Fintan Walton:
Some people might think well isn't this another way in which pharma companies are trying to get something for nothing?
Anders Ekblom:
No, because if you collaborate in an open innovation or precompetitive collaboration you have to collaborate with something, which means that you go in with your assets, but whatever it comes out will be shared by the ones who collaborate or with societies in general. So for example we just started a precompetitive collaboration with the Karolinska Institute, in Stockholm, Sweden, where basically we have a group positioned within the university, they work with the university scientists and whatever comes out in certain biomarkers will be published, free for everyone, we put our scientists in, they put their scientists in we do something together, we share.
Fintan Walton:
Right, so the open innovation sits obviously in the very early stages of research?
Anders Ekblom:
Not necessarily.
Fintan Walton:
Okay.
Anders Ekblom:
It could be sort of in any area, and then I think you know the example of TransCelerate BioPharma [PharmaDeals ID = 48776] inaugurated recently says you can be in clinical development, which is you know would normally would also be very late, which says clinical development early, mid-stage, or late, still we share and we collaborate.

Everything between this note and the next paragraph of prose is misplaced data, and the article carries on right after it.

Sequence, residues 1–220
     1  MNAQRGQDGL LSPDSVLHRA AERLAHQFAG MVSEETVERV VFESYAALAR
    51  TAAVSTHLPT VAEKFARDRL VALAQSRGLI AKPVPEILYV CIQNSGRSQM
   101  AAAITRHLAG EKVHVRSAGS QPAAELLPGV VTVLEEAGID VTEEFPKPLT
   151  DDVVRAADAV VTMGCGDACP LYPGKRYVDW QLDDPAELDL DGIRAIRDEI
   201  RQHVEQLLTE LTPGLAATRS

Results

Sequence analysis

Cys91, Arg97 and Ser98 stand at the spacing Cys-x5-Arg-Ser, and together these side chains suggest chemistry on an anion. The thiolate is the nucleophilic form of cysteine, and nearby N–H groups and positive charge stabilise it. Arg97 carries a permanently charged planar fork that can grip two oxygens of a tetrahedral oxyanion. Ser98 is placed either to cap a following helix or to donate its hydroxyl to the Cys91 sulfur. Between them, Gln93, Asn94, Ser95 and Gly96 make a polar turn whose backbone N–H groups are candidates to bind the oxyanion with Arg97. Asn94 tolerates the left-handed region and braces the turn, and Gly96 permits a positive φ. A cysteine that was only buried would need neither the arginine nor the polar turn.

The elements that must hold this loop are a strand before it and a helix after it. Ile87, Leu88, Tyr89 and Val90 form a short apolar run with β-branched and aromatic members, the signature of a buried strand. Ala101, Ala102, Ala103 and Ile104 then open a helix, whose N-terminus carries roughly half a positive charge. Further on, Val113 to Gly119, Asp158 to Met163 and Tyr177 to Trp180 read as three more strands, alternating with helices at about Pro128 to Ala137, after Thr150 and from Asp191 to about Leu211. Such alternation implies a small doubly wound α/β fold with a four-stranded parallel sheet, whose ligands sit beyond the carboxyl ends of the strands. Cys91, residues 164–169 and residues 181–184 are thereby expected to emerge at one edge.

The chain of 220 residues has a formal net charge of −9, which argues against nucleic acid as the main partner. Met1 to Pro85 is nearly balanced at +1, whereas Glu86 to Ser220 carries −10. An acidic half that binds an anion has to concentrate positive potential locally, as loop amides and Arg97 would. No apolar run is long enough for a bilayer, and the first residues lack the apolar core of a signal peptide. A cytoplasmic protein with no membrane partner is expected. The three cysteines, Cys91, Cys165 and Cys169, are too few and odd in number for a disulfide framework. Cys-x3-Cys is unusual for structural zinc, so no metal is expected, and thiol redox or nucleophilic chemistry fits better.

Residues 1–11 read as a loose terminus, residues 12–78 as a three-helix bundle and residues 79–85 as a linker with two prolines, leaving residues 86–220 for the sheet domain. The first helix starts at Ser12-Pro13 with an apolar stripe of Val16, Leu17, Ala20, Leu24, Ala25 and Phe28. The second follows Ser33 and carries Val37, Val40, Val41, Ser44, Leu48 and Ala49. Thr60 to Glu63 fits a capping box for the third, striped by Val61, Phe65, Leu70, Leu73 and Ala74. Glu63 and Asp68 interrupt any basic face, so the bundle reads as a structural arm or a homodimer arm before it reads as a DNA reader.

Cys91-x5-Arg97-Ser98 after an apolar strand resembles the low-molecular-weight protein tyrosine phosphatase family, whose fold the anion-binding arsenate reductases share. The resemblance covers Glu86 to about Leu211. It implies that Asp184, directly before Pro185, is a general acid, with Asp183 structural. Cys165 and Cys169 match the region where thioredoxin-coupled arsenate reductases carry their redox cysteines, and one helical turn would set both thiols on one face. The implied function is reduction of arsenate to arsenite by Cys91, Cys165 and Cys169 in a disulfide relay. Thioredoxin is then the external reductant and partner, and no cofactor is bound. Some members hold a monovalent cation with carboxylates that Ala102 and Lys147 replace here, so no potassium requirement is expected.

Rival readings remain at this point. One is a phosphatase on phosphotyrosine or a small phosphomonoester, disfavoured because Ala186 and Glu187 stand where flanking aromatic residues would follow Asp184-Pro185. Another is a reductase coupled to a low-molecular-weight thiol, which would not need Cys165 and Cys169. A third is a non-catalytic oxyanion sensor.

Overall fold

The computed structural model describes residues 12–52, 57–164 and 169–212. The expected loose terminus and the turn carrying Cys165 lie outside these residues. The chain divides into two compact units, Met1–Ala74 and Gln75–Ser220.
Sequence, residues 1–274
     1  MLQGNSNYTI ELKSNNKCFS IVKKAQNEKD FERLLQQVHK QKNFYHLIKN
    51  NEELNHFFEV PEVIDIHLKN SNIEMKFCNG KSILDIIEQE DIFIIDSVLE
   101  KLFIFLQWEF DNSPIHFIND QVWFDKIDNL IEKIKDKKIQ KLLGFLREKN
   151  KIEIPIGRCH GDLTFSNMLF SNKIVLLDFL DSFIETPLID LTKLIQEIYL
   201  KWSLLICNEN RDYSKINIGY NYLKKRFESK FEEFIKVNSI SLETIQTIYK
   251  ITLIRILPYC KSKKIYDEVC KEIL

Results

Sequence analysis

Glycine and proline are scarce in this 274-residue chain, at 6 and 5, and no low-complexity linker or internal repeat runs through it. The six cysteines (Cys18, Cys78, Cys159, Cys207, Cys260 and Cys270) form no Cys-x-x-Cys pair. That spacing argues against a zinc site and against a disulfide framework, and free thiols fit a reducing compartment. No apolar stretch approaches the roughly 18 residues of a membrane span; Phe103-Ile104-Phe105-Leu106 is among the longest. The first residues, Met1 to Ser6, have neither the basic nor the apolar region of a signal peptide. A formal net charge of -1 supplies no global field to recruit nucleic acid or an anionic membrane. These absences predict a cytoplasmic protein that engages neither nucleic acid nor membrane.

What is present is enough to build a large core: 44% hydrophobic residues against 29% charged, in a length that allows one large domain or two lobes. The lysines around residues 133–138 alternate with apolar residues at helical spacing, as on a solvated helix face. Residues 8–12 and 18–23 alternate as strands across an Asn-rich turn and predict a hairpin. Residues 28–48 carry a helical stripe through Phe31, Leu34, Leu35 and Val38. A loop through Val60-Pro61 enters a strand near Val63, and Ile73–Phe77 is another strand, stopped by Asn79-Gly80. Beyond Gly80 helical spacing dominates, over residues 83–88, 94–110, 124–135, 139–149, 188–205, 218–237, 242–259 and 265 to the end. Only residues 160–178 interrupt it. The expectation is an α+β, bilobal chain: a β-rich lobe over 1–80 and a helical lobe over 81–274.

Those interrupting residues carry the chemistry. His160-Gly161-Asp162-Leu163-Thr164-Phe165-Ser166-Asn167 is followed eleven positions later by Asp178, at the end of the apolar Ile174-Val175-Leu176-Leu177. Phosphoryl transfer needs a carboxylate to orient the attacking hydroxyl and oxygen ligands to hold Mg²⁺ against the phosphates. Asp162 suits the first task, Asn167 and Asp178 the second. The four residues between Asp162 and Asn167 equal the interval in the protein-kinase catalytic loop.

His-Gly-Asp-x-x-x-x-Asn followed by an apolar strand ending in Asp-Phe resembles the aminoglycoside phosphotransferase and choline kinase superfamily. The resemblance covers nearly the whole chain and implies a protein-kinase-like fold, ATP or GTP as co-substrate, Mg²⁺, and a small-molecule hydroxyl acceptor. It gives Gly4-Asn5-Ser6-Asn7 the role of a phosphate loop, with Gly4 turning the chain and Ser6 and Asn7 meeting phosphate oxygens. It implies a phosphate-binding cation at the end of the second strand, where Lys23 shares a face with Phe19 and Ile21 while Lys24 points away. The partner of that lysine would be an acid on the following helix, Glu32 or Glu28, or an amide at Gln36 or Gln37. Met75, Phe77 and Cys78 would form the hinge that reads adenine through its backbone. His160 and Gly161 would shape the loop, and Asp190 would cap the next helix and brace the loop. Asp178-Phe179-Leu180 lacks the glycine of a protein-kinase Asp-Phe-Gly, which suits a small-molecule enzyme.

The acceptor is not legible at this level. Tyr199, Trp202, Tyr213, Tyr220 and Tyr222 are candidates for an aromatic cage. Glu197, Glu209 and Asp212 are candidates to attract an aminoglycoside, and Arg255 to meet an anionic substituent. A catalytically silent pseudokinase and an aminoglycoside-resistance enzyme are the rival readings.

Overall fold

Fintan Walton:
So open innovation sits around those areas that enable research and development to happen efficiently within the pharmaceutical industry?
Anders Ekblom:
Yes, I think that's a good definition. I mean that's where you see most of it right now, I think going forward you could anticipate people starting developing technologies together or sharing up, you know we have a shared problem we need to solve. So then you go in from a totally open collaboration to perhaps 10 companies having a problem they need to solve, they could then share that IP together. So I can see anything going from like it's only mine, I share it with 10, I share it with everyone and then you going to have a sort of a sliding scale in between depending on what the topics are early, mid-stage, or late.
TransCelerate collaboration: Pharma companies working together on issues related to clinical development
Fintan Walton:
So just looking at the TransCelerate [PharmaDeals ID = 48776] model for an example that is where, quite a number, I think 10 pharmaceutical companies including AstraZeneca get together to try and look at some of the issues that relate to clinical development in particular, how can 10 pharmaceutical companies work together? I mean that, you are talking about collaboration; this is collaboration on a quite massive and complex scale?
Anders Ekblom: